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Gill v. State of Kansas Department

United States District Court, D. Kansas

May 30, 2019

JENNIFER A. GILL, Plaintiff,



         Plaintiff Jennifer A. Gill brings this action alleging claims for sex discrimination, harassment, and retaliation in violation of Title VII of the Civil Rights Act of 1964 (“Title VII"), 42 U.S.C. §§ 2000e, et seq., violation of her federally-protected rights pursuant to 42 U.S.C. § 1983, and intentional infliction of emotional distress under Kansas common law. Doc. 1. Defendants State of Kansas Department for Aging and Disability Services (“KDADS”) and Timothy Keck (Secretary of KDADS) move to dismiss pursuant to Federal Rule of Civil Procedure 12(b)(6), arguing that Plaintiff fails to state a claim upon which relief can be granted. Doc. 6.

         For the reasons set forth below, the Court finds that Plaintiff has failed to exhaust her administrative remedies with respect to her Title VII claims and, therefore, dismissal of those claims under Rule 12(b)(6) is warranted. The Court further finds that Plaintiff has failed to allege facts sufficient to establish her claim under § 1983. And, finally, given its dismissal of the foregoing federal claims, the Court declines to exercise supplemental jurisdiction over Plaintiff's remaining state law claim for intentional infliction of emotional distress and accordingly dismisses that claim without prejudice.

         I. BACKGROUND[1]

         A. Factual Background

         From April 2015 until her termination in December 2016, Plaintiff was employed as the Assistant Director of Equi-Venture Farms (“EVF”), which provides day and residential services for adults with developmental disabilities. Doc. 1 ¶ 11. EVF's license to operate is issued by KDADS. Id. at ¶ 13. Throughout her employment with EVF, Plaintiff reported to EVF's Executive Director, Ben Swinnen. Id. at ¶ 12. After a complaint was raised regarding local policy enforcement, Mr. Swinnen directed Plaintiff to work with KDADS-specifically, Brandt Haehn, Home and Community Based Services Commissioner at KDADS-to resolve the complaint. Id. at ¶¶ 14-15.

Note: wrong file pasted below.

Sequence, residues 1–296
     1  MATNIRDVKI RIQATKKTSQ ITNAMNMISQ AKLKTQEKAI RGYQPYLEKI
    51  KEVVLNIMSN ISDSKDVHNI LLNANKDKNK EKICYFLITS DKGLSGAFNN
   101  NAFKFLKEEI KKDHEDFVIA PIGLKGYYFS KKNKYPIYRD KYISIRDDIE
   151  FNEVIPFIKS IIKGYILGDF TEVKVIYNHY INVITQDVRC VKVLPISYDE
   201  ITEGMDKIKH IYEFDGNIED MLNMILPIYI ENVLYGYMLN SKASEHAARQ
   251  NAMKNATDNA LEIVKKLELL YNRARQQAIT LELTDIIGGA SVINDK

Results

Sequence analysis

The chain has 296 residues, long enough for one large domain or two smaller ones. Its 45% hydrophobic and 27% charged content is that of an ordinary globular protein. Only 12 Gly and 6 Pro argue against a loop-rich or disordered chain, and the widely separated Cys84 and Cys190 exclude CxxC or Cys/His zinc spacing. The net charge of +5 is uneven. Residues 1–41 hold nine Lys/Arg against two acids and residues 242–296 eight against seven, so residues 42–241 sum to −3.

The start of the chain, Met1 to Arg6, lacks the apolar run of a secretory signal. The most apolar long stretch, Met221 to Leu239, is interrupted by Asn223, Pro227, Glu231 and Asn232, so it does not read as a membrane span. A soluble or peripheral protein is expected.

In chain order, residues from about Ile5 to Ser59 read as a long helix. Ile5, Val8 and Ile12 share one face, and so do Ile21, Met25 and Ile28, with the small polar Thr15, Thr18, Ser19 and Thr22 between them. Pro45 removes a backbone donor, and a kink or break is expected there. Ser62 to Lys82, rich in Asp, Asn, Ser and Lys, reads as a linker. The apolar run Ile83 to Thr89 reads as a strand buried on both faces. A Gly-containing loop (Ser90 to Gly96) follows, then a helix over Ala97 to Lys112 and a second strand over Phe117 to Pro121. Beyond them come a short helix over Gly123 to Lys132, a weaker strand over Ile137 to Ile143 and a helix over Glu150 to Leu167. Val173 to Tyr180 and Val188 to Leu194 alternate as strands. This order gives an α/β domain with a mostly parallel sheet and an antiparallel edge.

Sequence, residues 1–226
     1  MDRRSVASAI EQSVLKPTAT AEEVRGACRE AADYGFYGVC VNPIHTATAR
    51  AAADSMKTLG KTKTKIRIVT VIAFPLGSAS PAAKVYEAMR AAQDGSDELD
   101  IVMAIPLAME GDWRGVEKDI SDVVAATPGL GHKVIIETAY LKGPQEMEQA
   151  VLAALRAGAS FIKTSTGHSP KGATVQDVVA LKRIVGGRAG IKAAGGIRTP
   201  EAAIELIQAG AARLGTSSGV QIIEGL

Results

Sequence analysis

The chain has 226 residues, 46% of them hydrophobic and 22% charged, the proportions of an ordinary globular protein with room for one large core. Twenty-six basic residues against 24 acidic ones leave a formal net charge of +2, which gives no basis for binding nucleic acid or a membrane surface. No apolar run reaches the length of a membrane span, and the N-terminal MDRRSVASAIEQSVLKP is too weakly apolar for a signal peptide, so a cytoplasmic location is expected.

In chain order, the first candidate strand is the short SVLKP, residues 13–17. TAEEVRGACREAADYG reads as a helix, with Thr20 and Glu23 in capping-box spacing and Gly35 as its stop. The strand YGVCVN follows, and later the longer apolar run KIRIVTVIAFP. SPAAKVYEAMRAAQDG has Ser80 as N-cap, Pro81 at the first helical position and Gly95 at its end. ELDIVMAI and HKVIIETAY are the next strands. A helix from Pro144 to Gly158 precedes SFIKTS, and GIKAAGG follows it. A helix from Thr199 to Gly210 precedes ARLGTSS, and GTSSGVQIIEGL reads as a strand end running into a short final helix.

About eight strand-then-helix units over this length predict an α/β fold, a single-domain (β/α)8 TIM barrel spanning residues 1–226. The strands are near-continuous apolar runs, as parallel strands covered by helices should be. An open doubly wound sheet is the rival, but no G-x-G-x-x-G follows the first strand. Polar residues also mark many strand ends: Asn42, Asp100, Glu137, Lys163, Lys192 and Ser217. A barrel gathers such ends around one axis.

Plaintiff alleges that during the course of their work together, from September to December 2016, Mr. Haehn repeatedly sent sexual messages, pictures, and video to her on her EVF-paid cell phone. Id. at ¶ 17. On or about December 2, 2016, Plaintiff emailed Mr. Swinnen to report Mr. Haehn's actions and request guidance and assistance. Id. at ¶ 21. When Mr. Haehn's conduct persisted, Plaintiff again complained to Mr. Swinnen and forwarded an explicit video allegedly received from Mr. Haehn. Id. at ¶¶ 22-23. Plaintiff alleges Mr. Swinnen confirmed with Mr. Haehn that he sent the video. Id. at ¶ 24. EVF ultimately terminated Plaintiffs employment on December 26, 2016. Id. at ¶¶ 11, 25. Plaintiff alleges EVF failed to follow its policies, failed to thoroughly investigate her claims, and failed to remedy the alleged issues. Id. at ¶ 25.

         In February and/or March 2017, Plaintiff reported Mr. Haehn's actions to senior legal counsel for KDADS and was told an investigation into her allegations would be conducted. Id. at ¶ 26. Plaintiff alleges, however, that Defendants-KDADS and Timothy Keck, Secretary of KDADS-did not conduct a prompt and thorough investigation of her allegations, did not take prompt and appropriate action to remedy the alleged issues, and failed to provide her with any further information or the results of any investigation. Id. at ¶¶ 28-30.